Wednesday, October 25, 2017

Bunny & Carrot Pattern in the "testing labs"

First: Thank you for responding to my call for testers for the Bunny & Carrot pattern. The call for testers is now closed. I am no longer accepting responses.

That said, you guys are the best.

I was floored by the number of offers to test this pattern. There were so many fun stories to read in your background bios - the experiences you've had sewing, the kinds of projects under your belts, the work you do in the professional world that utilizes your sewing skills and talents. It was very hard to choose just four. I eventually picked six who represented a wide variety of skill levels and experiences which fit the target users of this sewing pattern. Some have more years of sewing experience than I have years of life, and some are just starting out in stuffedtoydom. Some have been pattern testers in the past and some haven't. Some are self-declared perfectionists and some love the journey even more than the destination.

I am very excited to have the pattern in their hands (imagine how much more excited I am to have it ultimately in yours!). But by selecting them, I was unable to select you, and I wish I could've have, because boy, do you guys have serious skills. Thank you for sharing photos of your projects, for your interest in the pattern, and for your willingness to put nose to grindstone (or presser foot) for me. Pattern-testing is not glamorous in the way that pattern-reviewing is. It is hard work, and enjoyable though it may also be, for the next week or so, these ladies will have to think like target users and be prescriptive in their sewing.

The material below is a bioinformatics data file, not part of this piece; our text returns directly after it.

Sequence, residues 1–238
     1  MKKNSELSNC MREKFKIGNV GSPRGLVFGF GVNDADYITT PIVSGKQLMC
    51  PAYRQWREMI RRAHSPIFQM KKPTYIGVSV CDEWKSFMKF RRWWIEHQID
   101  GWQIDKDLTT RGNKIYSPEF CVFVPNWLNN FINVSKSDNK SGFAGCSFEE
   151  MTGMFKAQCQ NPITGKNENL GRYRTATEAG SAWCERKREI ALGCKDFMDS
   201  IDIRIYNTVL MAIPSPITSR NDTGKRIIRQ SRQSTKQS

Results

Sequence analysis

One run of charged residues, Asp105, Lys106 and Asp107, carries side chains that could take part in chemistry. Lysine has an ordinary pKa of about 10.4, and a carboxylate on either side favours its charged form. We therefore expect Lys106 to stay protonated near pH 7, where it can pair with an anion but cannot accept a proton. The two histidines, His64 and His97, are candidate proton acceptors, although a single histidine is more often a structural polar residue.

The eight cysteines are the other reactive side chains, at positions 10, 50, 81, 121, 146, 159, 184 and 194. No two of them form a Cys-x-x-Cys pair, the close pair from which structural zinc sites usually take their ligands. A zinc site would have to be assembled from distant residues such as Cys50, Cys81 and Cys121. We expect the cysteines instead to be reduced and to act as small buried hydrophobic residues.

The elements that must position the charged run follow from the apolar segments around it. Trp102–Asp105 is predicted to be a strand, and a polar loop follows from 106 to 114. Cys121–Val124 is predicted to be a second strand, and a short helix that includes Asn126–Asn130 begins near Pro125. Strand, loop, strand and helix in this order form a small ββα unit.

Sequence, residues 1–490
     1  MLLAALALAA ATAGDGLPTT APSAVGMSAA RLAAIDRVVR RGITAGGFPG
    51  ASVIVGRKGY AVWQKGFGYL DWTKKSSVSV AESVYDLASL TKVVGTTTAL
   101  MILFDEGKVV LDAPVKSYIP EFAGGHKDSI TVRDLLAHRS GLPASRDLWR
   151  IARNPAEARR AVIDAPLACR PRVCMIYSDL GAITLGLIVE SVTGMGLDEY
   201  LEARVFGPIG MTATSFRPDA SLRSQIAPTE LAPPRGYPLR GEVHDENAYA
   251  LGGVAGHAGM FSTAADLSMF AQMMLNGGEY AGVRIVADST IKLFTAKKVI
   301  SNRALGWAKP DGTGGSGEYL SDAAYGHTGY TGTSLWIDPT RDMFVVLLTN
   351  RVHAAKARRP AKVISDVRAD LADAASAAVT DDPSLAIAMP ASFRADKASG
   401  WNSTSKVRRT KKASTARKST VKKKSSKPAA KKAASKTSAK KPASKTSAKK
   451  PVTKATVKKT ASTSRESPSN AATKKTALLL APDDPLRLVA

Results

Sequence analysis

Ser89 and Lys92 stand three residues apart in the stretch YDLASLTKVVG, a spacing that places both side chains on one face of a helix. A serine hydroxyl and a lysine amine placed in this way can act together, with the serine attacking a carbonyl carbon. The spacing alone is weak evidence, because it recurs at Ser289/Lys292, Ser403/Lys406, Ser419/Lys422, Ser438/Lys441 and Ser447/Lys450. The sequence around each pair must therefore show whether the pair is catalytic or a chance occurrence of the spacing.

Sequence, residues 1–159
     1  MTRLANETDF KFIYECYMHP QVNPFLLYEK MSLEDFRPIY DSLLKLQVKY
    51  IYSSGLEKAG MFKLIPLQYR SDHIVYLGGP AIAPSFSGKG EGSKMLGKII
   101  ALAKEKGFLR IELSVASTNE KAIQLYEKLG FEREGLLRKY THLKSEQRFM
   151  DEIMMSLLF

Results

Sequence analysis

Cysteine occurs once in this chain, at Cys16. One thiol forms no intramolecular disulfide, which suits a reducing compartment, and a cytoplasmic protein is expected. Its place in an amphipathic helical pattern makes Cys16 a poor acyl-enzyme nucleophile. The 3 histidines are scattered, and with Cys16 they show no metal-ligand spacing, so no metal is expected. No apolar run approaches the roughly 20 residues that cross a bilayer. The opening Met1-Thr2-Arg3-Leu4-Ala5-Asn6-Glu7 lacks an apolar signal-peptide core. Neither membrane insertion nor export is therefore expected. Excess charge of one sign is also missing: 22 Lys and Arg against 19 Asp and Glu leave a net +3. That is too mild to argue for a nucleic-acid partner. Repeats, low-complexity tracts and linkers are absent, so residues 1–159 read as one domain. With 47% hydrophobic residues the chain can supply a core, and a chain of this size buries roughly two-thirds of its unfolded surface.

I am saving the contact details of all who submitted their names for consideration, however. Because there will be more ikatbag patterns in the future and maybe some of you would be perfect to test those and I wouldn't have to write an entire "recruitment" post like the last one. I could just ask one of you guys!

But that would be Other Patterns for Other Times. I also want to acknowledge your support in this pattern. So: anyone who'd responded to my call for testers before this post went live gets a discount on the Bunny & Carrot pattern when it's available for sale (mid-November, one hopes).  I'll email you guys with a code of some sort when we launch the pattern. I can't wait!